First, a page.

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Congenital hypogonadotropic hypogonadism due to GnRH receptor mutations in three brothers reveal sites affecting conformation and coupling

Research output: Contribution to journalArticle

Author(s)

Javier Tello, Claire Newton, Jerome Bouligand, Anne Guiochon-Mantel, Robert Millar, Jacques Young

School/Research organisations

Abstract

Congenital hypogonadotropic hypogonadism (CHH) is characterized by low gonadotropins and failure to progress normally through puberty. Mutations in the gene encoding the GnRH receptor (GNRHR1) result in CHH when present as compound heterozygous or homozygous inactivating mutations. This study identifies and characterizes the properties of two novel GNRHR1 mutations in a family in which three brothers display normosmic CHH while their sister was unaffected. Molecular analysis in the proband and the affected brothers revealed two novel non-synonymous missense GNRHR1 mutations, present in a compound heterozygous state, whereas their unaffected parents possessed only one inactivating mutation, demonstrating the autosomal recessive transmission in this kindred and excluding X-linked inheritance equivocally suggested by the initial pedigree analysis. The first mutation at c.845 C>G introduces an Arg substitution for the conserved Pro 282 in transmembrane domain (TMD) 6. The Pro282Arg mutant is unable to bind radiolabeled GnRH analogue. As this conserved residue is important in receptor conformation, it is likely that the mutation perturbs the binding pocket and affects trafficking to the cell surface. The second mutation at c.968 A>G introduces a Cys substitution for Tyr 323 in the functionally crucial N/DPxxY motif in TMD 7. The Tyr323Cys mutant has an increased GnRH binding affinity but reduced receptor expression at the plasma membrane and impaired G protein-coupling. Inositol phosphate accumulation assays demonstrated absent and impaired Gα(q/11) signal transduction by Pro282Arg and Tyr323Cys mutants, respectively. Pretreatment with the membrane permeant GnRHR antagonist NBI-42902, which rescues cell surface expression of many GNRHR1 mutants, significantly increased the levels of radioligand binding and intracellular signaling of the Tyr323Cys mutant but not Pro282Arg. Immunocytochemistry confirmed that both mutants are present on the cell membrane albeit at low levels. Together these molecular deficiencies of the two novel GNRHR1 mutations lead to the CHH phenotype when present as a compound heterozygote.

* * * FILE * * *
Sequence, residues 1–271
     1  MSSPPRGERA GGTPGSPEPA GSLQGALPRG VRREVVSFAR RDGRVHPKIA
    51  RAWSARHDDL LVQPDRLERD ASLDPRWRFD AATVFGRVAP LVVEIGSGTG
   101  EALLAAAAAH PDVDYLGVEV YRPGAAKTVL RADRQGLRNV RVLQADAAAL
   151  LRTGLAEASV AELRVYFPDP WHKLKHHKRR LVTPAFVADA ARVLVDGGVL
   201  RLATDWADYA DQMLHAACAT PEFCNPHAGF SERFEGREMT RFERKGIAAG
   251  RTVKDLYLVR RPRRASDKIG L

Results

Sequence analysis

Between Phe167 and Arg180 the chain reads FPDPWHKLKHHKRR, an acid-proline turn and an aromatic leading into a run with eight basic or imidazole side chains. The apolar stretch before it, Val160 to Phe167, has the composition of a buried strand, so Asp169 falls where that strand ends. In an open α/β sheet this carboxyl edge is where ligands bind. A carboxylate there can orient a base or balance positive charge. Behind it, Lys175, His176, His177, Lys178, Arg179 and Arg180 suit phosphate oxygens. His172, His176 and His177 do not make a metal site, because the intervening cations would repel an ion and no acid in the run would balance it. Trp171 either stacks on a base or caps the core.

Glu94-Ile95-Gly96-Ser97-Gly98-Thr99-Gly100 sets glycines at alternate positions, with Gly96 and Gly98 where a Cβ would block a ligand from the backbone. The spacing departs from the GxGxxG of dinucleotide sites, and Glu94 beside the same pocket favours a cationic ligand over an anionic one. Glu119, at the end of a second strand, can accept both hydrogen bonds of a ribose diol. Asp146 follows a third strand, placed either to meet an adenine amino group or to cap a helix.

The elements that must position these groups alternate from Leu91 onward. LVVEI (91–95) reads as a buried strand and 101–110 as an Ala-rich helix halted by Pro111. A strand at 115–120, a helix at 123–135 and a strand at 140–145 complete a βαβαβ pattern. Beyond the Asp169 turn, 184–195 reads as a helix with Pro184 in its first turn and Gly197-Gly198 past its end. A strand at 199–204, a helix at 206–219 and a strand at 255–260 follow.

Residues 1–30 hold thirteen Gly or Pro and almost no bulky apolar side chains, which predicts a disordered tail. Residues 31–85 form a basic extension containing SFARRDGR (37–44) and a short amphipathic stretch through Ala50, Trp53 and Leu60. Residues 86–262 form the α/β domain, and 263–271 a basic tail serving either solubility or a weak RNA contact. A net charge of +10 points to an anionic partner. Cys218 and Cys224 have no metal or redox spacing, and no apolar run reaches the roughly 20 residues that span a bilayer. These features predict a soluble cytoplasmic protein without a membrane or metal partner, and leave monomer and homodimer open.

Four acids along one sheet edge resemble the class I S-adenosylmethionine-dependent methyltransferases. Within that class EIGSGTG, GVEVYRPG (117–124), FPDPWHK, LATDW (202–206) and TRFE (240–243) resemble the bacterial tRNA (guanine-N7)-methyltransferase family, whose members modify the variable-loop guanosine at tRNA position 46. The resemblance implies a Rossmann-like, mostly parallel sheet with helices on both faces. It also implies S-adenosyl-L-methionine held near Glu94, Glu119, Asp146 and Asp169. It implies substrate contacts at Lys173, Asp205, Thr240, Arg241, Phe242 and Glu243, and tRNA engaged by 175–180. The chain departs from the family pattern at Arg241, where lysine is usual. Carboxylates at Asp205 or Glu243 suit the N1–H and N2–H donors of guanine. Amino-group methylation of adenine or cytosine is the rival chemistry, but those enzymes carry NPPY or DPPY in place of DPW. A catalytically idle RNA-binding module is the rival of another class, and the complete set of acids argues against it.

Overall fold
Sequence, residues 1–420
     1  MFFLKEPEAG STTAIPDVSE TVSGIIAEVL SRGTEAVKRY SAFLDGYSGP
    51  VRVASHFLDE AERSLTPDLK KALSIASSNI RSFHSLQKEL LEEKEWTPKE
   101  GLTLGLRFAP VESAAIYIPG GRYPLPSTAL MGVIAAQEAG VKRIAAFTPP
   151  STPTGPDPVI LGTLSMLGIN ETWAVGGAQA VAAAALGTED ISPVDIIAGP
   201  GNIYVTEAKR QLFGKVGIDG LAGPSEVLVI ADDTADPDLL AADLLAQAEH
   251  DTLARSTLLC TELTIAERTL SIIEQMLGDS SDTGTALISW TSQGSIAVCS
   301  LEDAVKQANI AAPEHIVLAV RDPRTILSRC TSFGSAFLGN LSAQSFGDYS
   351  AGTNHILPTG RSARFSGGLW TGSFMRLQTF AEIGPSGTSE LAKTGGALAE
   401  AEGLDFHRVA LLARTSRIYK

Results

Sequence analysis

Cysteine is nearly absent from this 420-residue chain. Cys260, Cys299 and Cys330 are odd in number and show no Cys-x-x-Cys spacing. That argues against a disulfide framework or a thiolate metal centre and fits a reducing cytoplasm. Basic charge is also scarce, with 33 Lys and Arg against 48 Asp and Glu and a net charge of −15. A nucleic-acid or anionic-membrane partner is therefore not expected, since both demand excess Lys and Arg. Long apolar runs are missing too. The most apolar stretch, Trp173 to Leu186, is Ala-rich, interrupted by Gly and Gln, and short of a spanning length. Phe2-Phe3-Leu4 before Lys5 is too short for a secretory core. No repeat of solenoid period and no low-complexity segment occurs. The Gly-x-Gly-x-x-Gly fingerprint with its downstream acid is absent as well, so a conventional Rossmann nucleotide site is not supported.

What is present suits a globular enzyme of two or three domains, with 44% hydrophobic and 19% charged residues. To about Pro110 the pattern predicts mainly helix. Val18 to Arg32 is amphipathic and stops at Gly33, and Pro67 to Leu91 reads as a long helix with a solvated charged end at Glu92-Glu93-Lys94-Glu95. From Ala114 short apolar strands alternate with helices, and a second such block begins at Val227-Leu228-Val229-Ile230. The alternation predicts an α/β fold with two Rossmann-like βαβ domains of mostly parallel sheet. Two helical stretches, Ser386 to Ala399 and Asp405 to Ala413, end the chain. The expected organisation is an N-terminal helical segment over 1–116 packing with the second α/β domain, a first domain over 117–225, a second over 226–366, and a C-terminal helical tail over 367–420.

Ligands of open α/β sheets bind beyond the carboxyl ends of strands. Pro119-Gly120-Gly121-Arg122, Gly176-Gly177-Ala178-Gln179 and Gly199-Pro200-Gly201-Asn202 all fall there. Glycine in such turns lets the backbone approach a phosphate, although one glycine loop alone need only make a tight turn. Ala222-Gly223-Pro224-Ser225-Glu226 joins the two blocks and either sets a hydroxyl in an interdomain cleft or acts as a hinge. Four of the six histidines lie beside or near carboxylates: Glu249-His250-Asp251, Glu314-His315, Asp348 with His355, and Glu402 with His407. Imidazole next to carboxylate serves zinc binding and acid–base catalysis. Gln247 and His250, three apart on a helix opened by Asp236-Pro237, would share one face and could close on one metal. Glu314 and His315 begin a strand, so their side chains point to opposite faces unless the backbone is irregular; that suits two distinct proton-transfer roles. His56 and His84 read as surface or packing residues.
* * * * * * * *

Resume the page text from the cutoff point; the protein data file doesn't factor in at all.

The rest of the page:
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Original languageEnglish
Article numbere38456
JournalPLoS One
Volume7
Issue number6
DOIs
Publication statusPublished - 5 Jun 2012

    Research areas

  • Congenital hypogonadotropic hypogonadism (CHH), GnRH receptor , GNRHR1 mutations, Autosomal recessive transmission , Tyr323Cys mutant

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